Other literary forms
Wu Chengen (woo chehng-ehn) is remembered chiefly for his great novel, but he was also a skilled poet and a writer of satiric stories, supernatural tales, and essays in the literary language. Only The Journey to the West is available in English translation.
The Journey to the West is one of the world’s great comic adventure novels, a major religious epic, and an amusing and instructive satire on human foibles. In compiling and shaping materials that by the sixteenth century had a rich tradition of their own, Wu Chengen gave them their definitive form, a form that has remained unrivaled by later variations on the story. The imaginative force of this quest by a magic monkey, a pig, a river monster, and a monk to bring Buddhist scriptures back from India can be seen in The Journey to the West cartoons, comic books, and cut-paper pictures still popular in China (and Japan) today. The modern Westerner who has the opportunity to attend a performance by a “Chinese opera” troupe is likely to see a scene from one of the plays that were part of the evolution of the novel, and he or she is almost certain to be captivated by the spectacle of the monkey-king’s acrobatic antics.
The novel is also one of the works that mark the sixteenth century in China as a heyday for fiction written in the language of the people. For at least five centuries, stories in the vernacular had been told in the marketplaces by professional storytellers, despite the official view of the educated class that fiction, and anything not written in the difficult language of the classics, did not deserve the status of “literature.” (Westerners might compare the situation to that of medieval Europe before Dante, when serious writing was done not in French or Italian or Spanish but in Latin.) Love stories, tales of heroism, and narratives about human encounters with the supernatural came to be written down and printed, perhaps as “promptbooks” for the storytellers or perhaps as imitations of such promptbooks for members of the literate middle class—and for some of the literati in their leisure hours.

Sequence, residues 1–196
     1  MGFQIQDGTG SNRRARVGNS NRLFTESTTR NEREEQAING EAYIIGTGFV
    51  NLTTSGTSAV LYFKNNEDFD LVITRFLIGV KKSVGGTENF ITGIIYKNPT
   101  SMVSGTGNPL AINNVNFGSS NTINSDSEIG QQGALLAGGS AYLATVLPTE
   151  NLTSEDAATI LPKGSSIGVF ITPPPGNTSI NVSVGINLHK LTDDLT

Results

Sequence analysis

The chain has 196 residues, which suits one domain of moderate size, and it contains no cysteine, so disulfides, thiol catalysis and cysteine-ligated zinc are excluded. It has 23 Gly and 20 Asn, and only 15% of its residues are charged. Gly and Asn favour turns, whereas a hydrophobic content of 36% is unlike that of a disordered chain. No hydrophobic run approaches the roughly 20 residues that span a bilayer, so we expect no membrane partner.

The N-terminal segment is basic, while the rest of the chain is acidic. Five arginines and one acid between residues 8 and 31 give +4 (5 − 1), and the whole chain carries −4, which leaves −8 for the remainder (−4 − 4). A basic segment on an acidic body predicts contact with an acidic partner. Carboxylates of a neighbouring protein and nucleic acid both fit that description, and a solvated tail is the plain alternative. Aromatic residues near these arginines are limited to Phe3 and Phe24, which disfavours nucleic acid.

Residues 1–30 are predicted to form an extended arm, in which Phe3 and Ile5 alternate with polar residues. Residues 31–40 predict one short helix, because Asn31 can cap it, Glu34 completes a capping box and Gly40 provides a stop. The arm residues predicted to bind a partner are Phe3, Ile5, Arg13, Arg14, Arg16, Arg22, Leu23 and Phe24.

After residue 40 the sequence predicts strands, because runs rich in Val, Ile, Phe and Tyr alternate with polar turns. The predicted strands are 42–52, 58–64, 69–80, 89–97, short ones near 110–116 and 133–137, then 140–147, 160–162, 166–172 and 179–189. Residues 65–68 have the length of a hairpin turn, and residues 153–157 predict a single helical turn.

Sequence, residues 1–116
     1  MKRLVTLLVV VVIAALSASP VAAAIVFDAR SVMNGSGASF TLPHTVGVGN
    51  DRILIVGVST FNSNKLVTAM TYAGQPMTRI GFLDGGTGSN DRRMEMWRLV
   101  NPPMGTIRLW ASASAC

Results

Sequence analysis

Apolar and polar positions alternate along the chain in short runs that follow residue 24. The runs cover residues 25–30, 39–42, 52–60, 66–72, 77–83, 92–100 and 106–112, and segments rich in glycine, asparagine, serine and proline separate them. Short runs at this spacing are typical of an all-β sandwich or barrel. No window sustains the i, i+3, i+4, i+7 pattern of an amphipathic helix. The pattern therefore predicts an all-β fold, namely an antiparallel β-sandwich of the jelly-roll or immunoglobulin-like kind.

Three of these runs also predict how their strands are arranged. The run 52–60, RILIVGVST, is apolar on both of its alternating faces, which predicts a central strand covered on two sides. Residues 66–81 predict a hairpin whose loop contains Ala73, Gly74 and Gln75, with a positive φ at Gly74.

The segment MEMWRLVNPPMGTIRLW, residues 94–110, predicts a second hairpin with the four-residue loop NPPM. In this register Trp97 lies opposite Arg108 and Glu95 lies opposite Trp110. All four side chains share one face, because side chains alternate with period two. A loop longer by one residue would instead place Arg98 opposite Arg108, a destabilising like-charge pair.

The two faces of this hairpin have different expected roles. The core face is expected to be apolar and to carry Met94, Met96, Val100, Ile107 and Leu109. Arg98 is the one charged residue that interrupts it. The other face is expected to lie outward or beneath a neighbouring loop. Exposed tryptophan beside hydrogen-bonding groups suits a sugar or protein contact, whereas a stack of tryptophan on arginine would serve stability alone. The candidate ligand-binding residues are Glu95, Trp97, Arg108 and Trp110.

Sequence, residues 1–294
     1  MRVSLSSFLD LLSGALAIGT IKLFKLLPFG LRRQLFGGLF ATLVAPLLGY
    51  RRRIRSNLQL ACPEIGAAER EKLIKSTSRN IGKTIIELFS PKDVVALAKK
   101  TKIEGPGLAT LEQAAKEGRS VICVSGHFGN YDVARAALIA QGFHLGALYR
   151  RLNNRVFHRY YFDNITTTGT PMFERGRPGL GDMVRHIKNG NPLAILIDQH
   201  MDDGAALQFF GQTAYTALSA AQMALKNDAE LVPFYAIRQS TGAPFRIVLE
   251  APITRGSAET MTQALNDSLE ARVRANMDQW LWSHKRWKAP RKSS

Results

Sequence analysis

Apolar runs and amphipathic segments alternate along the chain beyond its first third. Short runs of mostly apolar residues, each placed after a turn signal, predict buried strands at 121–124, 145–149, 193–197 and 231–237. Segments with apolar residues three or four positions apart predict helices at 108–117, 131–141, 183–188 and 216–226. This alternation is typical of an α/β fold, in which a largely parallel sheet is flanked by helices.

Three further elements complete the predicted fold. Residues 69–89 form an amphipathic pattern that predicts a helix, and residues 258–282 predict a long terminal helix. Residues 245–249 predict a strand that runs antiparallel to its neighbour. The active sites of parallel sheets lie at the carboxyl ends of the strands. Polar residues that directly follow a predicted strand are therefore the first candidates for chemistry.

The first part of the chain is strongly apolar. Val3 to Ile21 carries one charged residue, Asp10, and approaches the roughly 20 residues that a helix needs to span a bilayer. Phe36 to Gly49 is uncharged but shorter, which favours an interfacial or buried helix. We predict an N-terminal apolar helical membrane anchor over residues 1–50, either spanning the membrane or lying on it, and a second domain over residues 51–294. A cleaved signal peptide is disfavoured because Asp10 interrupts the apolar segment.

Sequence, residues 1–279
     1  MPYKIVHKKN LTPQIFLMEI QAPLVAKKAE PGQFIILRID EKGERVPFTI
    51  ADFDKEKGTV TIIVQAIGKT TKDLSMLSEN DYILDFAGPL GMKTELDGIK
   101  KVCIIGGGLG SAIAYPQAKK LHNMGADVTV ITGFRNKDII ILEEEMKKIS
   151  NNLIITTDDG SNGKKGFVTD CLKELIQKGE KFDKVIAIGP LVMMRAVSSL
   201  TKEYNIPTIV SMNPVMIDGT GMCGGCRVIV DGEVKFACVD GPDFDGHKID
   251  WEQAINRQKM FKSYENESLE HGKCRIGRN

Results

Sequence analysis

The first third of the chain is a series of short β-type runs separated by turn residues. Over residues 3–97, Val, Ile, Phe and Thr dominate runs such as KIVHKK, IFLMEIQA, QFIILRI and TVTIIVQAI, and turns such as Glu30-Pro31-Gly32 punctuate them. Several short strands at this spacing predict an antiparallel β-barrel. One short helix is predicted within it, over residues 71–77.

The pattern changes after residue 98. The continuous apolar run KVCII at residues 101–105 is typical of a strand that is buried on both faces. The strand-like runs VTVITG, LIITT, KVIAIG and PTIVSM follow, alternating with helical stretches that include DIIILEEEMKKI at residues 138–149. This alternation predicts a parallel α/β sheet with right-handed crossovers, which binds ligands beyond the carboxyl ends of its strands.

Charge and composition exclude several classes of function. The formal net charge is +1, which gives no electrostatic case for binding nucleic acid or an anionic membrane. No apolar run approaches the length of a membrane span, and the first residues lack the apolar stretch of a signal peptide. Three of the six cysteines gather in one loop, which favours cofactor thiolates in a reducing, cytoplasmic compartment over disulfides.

There existed also an even older tradition of popular Buddhist sermons and homilies that used secular, and sometimes sensational, subject matter to compete with the marketplace storytellers for the attention of busy passersby. The Journey to the West, in its use of such traditional techniques as interpolated poems and direct address to the audience/reader (“If you want to know what happened, you must listen to what is told in the next chapter”), applies the achievements of these generations of anonymous makers of fictions to a work of a high order of literary art. The poems are especially deserving of attention, though they were omitted by Arthur Waley from his translation: Wu’s gift for casting description, narration, and commentary into well-crafted verse gave great strength to the work.
Another of the author’s achievements was the skill with which he arranged existing materials and gave to them the tone, the unifying perspective, the fascinating characterizations, and the structure that they have retained for future generations. The sources of The Journey to the West have indeed drawn a great deal of scholarly attention, but it is clear that, whatever the degree of development of his immediate source or sources, Wu did not merely copy; he effectively manipulated the materials for his poetic, comic, and descriptive ends. As Andrew Plaks points out, The Journey to the West is not so much the retelling of a popular story as the transformation of that story into the vehicle for the important message of Tripitaka’s beloved Heart Sutra, “Form is emptiness and the very emptiness is form.”
The Journey to the West has been read and loved by schoolchildren and by scholars from the Ming Dynasty to the post-Mao Zedong era. It stands with Lo Kuanchung’s San-kuo chih yen-I (fourteenth century; The Romance of the Three Kingdoms, 1925), his Shui-hu chuan (fourteenth century; All...
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